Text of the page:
“. . .sing, all you who are upright in heart.” Psalm 32
My father once gave me the end of a novel. I was struggling along, trying to figure out where that story was going, when he and my mother came to visit, went to church one Sunday, and sang, with the entire congregation, the old Fanny Crosby hymn “Blessed Assurance.” The image of him, face aglow, became the last scene, the one I was looking for.
So when he died, just a few years ago, something in me wanted that hymn sung at his funeral. I wouldn’t have asked for it, because I was afraid that the reasons for me wanting that hymn would have been more related to my work, my writing, than who he was, even though part of the reason I was so taken by him that Sunday was his effortless joy in affirming that Jesus was, in fact, his.
Miraculous?—I don’t know how to gauge miracles; but when I talked with my sister about the shape of Dad’s funeral, she said she’d told Mom that the hymn we ought to sing was “Blessed Assurance.” There had to be some divine intervention there, don’t you think?
So we did—at the memorial service for my father we sang “Blessed Assurance.” Well, most people did. I didn’t. I couldn’t. But I loved it, even though I’d never been particularly taken with the way it swings, well, tediously, through the chorus. But you don’t have to like something to love it—and to feel heaven and earth moved.
My father had died rather quickly. He wasn’t young, and when he fell carrying a box—he and Mom were planning on moving—a wicked series of cause-and-effects eventually took him, no more than a month later.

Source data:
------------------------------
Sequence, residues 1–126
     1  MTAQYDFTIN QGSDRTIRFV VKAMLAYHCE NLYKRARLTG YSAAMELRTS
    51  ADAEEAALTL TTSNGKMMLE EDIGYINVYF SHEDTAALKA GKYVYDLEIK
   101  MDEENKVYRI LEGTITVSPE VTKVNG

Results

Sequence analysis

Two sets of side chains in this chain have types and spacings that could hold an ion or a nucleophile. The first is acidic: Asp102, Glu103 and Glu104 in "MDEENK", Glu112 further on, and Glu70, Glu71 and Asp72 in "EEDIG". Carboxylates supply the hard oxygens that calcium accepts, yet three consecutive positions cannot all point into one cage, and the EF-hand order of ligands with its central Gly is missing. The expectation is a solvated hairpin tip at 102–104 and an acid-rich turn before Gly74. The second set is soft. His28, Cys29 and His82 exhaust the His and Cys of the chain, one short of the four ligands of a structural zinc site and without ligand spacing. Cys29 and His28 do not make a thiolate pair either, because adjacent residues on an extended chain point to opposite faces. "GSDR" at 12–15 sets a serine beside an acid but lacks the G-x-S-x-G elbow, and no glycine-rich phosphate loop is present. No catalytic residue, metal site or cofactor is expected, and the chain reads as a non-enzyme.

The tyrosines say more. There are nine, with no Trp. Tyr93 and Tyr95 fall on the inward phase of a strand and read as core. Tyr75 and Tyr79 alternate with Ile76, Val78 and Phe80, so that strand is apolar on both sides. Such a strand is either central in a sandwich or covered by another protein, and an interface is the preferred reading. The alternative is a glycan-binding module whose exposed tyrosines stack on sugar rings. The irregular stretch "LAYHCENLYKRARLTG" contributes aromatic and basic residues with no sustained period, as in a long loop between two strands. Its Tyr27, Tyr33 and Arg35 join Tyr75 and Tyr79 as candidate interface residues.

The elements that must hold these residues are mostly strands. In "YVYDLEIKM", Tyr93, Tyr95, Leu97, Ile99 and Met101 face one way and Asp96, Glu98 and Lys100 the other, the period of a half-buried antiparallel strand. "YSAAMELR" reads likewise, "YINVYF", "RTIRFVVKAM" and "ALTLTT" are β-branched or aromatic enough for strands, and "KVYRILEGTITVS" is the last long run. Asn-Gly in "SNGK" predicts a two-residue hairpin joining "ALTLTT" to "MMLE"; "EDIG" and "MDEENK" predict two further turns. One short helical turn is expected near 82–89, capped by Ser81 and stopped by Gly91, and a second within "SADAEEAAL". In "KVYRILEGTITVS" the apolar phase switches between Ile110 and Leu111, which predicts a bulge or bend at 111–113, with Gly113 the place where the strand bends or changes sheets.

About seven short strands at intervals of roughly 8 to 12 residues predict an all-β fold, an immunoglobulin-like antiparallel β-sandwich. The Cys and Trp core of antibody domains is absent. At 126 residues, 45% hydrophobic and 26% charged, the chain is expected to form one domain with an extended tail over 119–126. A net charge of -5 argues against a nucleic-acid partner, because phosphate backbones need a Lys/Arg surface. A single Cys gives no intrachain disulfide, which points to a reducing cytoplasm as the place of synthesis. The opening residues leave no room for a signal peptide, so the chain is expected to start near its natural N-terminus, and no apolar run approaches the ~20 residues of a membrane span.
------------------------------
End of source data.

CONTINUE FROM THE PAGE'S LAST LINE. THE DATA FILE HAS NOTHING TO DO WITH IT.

But it was only then that I came to believe what my mother told me—that Dad had been in the early throes of Alzheimer’s, that his condition had manifest itself in many ways, some of which we discovered when going through his things. He was a banker who prided himself on keeping books, but his checkbook was a disaster, corrections scratched in monthly, sometimes for outrageous amounts. He couldn’t keep it anymore. Must have been very vexing for him, but he never mentioned a thing.
Some boxes he’d packed were a jumble. My wife looked at one of them strangely, and said she was sure she could see he was losing it—kitchen utensils with socks and clothing items. Made no sense. My father was always organized.
But my mother’s stories were most convincing. He couldn’t sing anymore, she told us. My parents had sung together as loyally as they’d daily meditated on the Word. When I was young, they used to face off and play table tennis, Mom usually winning. Eventually they grew out of that and into Rummicube, but no matter what else they were doing, they always sang together, my mother at the keyboard.
That he couldn’t—that, in those last weeks of his life, he lacked the wherewithal to put word and voice together—had to be immensely painful. Millions of people die everyday in more difficult pain, perhaps, than my father ever felt, even in dying; but I can’t imagine how he suffered, not being able to sing.
So this verse feels like my father, today. “Sing,” David says. Sing.
I’m not sure my father looks much different today than he did that Sabbath when he gave me the final scene of a novel. But I’ll grant you this, there’s even more joy on a face that just won’t ever stop shining.